- The state is in the fourth phase of its reopening plan. Restaurants, bars, and other businesses that offer indoor service are permitted to operate at 100% capacity, so long as a six-foot distance between seating areas is met, among other precautions.
- On November 19, the Governor issued an order requiring all outdoor and indoor businesses that provide seated food and drink service to close by 9 p.m. This order was extended until January 3.
- The Governor issued a mask mandate in all public spaces, regardless if social distancing is possible, on November 5.
- Restaurants and bars in Maryland may stay open past 10 p.m. starting February 1. Indoor dining is still limited to 50% capacity.
- As of November 17, the Governor announced that all restaurants and bars must close by 10 pm, and must reduce their maximum capacity down to 50% from the previous 75%. Restaurants must also close from on-premise dining between 10 p.m. and 6 a.m. These restrictions go into effect on November 20.
- Previously, the state mandated that anyone over the age of 5 must wear a facial covering in any public setting where social distancing cannot be maintained.
- Reopenings decided on a county-by-county basis, following social distancing measures. Local governments have the power to determine reopening plans.
- The Governor said capacity limits to restaurants, and other retail spaces will increase to 40% at 5 a.m. February 8. For businesses without a specified capacity allowance, the limit will rise to eight people per 1,000 feet.
- A 9:30 p.m. curfew on businesses and the state’s stay-at-home advisory expired on February 1. Businesses can now stay open later, though 25% capacity restrictions remain in place.
- Effective December 26, the state placed new restrictions on bars and restaurants, limiting capacity to 25%. The order was originally set to last until January 10. These restrictions were extended through January 24.
- Massachusetts moved back to phase three, the first step of reopening, on December 13. Restaurant seating is limited, and each party is limited to a six-person party limit and a 90-minute stay. A mask mandate remains in effect.
- On Nov 6, restaurants, liquor stores and some other recreational businesses and attractions must close from 9:30 p.m. to 5 a.m. as well. Restaurants, however, may be allowed to stay later for takeout food.
- Michigan will allow indoor dining on a limited basis starting February 1. The state will also implement restrictions on indoor dining: businesses can’t be above 25% capacity, and they have to close by 10 p.m. There must be no more than six people to a table, with tables set at least six feet apart.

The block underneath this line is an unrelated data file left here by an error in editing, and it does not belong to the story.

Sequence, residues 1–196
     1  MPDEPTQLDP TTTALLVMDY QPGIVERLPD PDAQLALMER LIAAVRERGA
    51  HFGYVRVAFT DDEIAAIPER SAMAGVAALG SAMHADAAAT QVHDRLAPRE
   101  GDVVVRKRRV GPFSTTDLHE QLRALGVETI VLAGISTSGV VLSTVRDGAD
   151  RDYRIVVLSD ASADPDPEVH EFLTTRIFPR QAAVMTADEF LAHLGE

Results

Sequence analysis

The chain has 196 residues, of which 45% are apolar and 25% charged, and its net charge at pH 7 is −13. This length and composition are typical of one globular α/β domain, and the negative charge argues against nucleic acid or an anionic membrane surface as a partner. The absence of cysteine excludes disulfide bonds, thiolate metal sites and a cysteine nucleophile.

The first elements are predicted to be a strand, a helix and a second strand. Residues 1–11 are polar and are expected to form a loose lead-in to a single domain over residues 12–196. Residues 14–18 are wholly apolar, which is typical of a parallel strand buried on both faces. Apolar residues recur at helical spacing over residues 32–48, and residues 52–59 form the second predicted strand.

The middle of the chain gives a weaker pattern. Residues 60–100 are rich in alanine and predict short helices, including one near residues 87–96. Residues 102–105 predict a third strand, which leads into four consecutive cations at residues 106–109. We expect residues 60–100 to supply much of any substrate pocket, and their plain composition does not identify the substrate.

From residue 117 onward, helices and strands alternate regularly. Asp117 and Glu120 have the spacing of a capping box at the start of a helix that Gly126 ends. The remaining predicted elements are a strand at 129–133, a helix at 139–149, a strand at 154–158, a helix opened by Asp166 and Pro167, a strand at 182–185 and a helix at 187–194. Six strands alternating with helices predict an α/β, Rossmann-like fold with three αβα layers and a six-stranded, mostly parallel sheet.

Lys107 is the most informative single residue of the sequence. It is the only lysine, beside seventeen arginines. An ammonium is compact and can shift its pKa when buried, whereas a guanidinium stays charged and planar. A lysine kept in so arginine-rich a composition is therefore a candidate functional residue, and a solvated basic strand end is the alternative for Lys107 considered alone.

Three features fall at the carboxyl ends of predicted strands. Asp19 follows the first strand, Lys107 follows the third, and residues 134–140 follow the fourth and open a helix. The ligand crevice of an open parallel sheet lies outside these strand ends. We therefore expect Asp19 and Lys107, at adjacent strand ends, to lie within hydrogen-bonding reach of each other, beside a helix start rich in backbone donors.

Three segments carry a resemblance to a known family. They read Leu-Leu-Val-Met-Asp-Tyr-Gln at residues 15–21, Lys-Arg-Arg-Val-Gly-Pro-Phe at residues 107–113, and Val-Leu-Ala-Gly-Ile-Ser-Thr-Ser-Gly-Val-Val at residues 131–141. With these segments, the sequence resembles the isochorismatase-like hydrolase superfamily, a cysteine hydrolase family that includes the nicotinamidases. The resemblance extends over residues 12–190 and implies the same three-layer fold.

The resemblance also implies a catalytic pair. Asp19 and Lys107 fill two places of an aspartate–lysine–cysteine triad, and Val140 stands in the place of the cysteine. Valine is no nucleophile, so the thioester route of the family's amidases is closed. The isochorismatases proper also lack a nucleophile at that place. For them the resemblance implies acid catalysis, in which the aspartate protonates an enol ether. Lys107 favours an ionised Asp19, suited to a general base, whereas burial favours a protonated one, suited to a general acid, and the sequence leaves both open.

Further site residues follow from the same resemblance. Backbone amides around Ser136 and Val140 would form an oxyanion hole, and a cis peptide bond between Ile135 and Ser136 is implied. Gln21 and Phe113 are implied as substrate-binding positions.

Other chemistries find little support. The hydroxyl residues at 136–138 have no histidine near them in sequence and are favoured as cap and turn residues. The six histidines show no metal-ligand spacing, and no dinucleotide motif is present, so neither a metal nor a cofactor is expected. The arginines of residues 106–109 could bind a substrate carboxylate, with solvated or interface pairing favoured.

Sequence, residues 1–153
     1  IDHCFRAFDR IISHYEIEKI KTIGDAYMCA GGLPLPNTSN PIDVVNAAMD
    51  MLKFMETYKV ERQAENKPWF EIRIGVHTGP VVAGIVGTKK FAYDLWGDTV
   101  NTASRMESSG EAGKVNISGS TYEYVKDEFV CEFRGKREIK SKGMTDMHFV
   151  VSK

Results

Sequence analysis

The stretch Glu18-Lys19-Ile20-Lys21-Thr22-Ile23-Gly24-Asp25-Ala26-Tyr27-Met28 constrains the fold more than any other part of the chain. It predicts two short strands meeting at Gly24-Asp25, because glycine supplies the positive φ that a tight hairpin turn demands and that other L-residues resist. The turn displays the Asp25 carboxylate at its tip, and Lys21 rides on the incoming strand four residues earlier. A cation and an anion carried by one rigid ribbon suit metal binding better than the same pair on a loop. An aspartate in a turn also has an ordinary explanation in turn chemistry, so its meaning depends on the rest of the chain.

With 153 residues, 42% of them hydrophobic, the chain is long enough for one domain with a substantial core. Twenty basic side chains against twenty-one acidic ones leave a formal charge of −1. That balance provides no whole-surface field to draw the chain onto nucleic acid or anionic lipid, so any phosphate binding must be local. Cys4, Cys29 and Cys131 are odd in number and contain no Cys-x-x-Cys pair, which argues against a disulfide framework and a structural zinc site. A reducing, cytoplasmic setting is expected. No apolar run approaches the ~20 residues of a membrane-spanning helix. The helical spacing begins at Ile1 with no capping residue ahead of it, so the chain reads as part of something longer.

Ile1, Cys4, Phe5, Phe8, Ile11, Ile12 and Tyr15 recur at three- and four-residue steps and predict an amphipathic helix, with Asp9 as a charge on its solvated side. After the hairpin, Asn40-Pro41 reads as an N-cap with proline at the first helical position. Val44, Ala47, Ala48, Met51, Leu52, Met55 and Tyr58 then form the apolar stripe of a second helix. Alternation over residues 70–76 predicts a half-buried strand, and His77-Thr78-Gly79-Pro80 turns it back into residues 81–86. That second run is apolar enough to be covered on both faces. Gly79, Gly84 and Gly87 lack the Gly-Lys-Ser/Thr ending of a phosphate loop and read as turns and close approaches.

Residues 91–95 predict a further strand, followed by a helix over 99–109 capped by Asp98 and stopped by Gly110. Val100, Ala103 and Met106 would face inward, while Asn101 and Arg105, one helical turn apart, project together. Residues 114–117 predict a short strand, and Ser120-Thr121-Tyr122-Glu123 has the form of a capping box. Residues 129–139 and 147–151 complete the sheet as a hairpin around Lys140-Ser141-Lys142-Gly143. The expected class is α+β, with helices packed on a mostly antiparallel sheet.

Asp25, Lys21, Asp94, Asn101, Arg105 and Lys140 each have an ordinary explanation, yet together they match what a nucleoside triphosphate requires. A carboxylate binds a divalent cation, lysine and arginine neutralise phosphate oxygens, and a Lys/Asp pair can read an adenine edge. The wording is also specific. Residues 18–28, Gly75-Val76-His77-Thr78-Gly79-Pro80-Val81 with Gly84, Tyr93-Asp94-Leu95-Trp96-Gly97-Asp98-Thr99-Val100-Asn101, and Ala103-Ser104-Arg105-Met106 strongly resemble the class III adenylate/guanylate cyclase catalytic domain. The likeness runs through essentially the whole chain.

- Effective December 21, restaurants, bars, and other food establishments must continue to close indoor dining. Outdoor dining, takeout, and delivery are allowed, except between the hours of 10 p.m. and 4 a.m.
- As of November 18, eat-in dining at restaurants and bars will be suspended for three weeks. This order was extended by the Governor on December 7 and the restrictions will last until December 20.
- On July 10, the governor signed an executive order that toughened the state’s existing mask-wearing requirements, most notably with a change that orders businesses to deny service or entry to those who refuse to cover their face.
- On February 13, restaurants were permitted to host up to 250 people but must operate at no more than 50% capacity. Restaurants can also remain open until 11 p.m. instead of 10 p.m.
- Bars, restaurants, and other venues will reopen with restrictions on January 11. Restaurants can reopen indoor dining at 50 percent capacity, with a maximum of 150 people. Parties are limited to six people and in-dining services must close by 10 p.m. Takeout and delivery are permitted.
- The Governor mandated on November 18 that bars and restaurants will pause indoor dining, and will only be allowed to do take-out and delivery service. Bars and restaurants were ordered to stop serving at 10 p.m. The new restrictions will last until Dec. 18.
- As of July 25, the Governor mandated that all citizens wear facial coverings in many public settings.
- The Governor announced on January 15 that changes to an existing mandate will now require residents in 75 counties, down from 78, to wear facial-coverings and follow safety precautions until the end of February. Restaurants and bars may continue to operate at 75% occupancy, and may only serve alcohol to seated patrons and not after 11 p.m. Customers are required to be screened for illness prior to entry, and party size cannot exceed 10.
- The Governor signed an order updating coronavirus-related restrictions effective December 11. The order also extends a restriction on bars and restaurants; these establishments may continue to operate at 75% capacity, and may serve alcohol only to seated patrons and not after 11 p.m. Customers must be screened for illness prior to entry, and party size cannot exceed 10 people. This order will end on February 3.
- As of December 9, businesses can remain open provided they operate at 75% capacity and adhere to guidelines issued by the Mississippi Department of Health and the Centers for Disease Control and Prevention. The order also extends a restriction on bars and restaurants, which may serve alcohol only to seated patrons and not after 11 p.m.
- Businesses are still required to adhere to sanitation and social distancing guidelines and should continue to take every measure to ensure proper precautions for customers.